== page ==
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Old 03-06-2008, 20:29   #1
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Big ole Claw anchor for semi-permenant mooring?

Okay, tried it in the anchoring for a hurricane thread, so maybe a new thread will get some attention.

I've been considering a system to be used as a semi-permanant mooring and also as a hurricane anchor. I've considered the 3 anchor triangle setup, deemed it a bit too expensive to set up an effective system and so I've looked to other alternatives.

One such alternative is a big 66 pound claw anchor. Either the "Manta" or the "Horizon" from west marine.

I understand they're derived from oil rig mooring anchors. This gives me some confidence. The incredible oversizedness of it gives me a bit more. I'm wondering if I'm missing something here.

Any ideas or suggestions to using this big claw anchor as a mooring in a mud/sand bottom?

Obviously during a hurricane I will put out every anchor I've got and hope for the best, but this huge sucker would add a lot to that.

(I should say, first plan is to find a sheltered area up a river and spiderweb myself in, but in case that is a bust, I'm considering other options.)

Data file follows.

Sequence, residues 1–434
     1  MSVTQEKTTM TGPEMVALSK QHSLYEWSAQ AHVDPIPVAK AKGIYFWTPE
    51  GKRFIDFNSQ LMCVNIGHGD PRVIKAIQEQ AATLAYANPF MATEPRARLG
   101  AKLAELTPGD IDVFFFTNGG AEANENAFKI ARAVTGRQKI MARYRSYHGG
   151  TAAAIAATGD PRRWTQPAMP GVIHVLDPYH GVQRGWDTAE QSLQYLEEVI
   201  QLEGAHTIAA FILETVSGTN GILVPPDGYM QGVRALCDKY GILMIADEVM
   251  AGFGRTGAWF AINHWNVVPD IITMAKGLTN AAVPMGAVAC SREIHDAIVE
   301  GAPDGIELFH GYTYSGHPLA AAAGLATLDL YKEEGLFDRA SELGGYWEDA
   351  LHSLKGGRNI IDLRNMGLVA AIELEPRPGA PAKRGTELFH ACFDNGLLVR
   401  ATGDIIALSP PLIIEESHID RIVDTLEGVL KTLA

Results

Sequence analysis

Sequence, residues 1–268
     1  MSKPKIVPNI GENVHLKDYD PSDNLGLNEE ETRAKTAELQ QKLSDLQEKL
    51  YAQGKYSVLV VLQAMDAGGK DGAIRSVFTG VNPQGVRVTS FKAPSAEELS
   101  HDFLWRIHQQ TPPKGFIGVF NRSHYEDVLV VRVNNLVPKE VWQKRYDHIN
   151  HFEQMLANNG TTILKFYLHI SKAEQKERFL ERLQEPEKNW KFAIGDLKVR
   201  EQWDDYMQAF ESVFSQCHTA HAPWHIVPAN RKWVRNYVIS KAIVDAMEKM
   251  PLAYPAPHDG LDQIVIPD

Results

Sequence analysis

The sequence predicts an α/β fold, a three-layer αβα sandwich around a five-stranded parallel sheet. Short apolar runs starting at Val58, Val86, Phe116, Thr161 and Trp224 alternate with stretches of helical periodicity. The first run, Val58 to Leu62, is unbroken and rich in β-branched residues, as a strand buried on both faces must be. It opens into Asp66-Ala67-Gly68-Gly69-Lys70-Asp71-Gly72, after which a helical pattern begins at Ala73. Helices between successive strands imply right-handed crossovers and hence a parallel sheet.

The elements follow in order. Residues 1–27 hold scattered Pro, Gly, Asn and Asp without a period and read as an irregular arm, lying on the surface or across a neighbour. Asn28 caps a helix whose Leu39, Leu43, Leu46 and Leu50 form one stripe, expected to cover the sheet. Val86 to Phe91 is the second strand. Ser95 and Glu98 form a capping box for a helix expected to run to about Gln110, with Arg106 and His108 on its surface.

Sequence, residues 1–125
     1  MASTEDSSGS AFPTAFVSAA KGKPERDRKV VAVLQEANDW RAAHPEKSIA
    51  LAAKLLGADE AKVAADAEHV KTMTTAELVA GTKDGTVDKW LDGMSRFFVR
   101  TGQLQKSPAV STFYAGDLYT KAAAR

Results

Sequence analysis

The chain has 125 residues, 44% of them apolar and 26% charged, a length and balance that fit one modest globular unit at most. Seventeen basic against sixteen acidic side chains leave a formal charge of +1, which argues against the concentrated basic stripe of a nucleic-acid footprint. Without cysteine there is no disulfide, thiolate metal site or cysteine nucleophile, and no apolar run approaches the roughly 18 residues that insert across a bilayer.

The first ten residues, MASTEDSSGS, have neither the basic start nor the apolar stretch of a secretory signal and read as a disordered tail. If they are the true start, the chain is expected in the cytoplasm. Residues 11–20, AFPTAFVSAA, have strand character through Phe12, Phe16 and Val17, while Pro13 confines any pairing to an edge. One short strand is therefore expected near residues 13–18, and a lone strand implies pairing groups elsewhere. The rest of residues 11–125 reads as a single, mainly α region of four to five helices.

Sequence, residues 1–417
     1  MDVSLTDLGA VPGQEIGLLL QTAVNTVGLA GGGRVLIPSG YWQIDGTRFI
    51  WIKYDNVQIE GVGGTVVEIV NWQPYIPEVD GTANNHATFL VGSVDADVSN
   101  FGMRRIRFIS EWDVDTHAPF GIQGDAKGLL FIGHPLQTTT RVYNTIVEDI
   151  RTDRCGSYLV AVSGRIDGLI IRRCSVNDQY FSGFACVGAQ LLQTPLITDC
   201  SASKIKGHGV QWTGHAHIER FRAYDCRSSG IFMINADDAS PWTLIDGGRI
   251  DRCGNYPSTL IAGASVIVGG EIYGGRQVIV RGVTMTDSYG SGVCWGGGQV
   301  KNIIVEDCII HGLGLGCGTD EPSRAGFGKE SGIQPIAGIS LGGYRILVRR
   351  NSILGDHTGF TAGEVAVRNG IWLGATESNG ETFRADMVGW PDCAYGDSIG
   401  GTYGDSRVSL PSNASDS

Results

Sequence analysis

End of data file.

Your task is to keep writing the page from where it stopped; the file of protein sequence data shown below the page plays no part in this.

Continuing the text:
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Old 03-06-2008, 21:38   #2
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Manson supreme, Rocna,Spade,Beughel, will do all you want without needing to be as heavy as the Claw anchor you speak about (asuming it is a bruce??) The bruce anchor was developed for oil rigs but they used multiple No.s of them, Huge would be an understatement regarding size. but the oil rigs never changed direction with the
tide/wind as a yacht would do.
they work ok as a small boat anchor but are not in the same league as the 4 above anchors.
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Old 04-06-2008, 10:31   #3
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I've got nothing against the manson supreme, rocna, spade or whatever that last one is, except their price. Price is a huge concern for me right now. The 66lb "manta" claw anchor is CHEAPER than the 15lb manson, and less than half the price of the 10kg Rocna.

I think they're all fine anchors and I'm considering saving up to get a manson supreme to use as a primary anchor on my boat to replace my danforth, however, I would not trust a 15 lb anchor, alone, in hurricane conditions.

So, with that in mind. How about that claw anchor? It's not exactly a bruce by the way, it looks a bit different, but still obviously of claw anchor origin.

Horizon Claw anchor - West Marine
Manta Claw anchor - West Marine
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Old 04-06-2008, 14:27   #4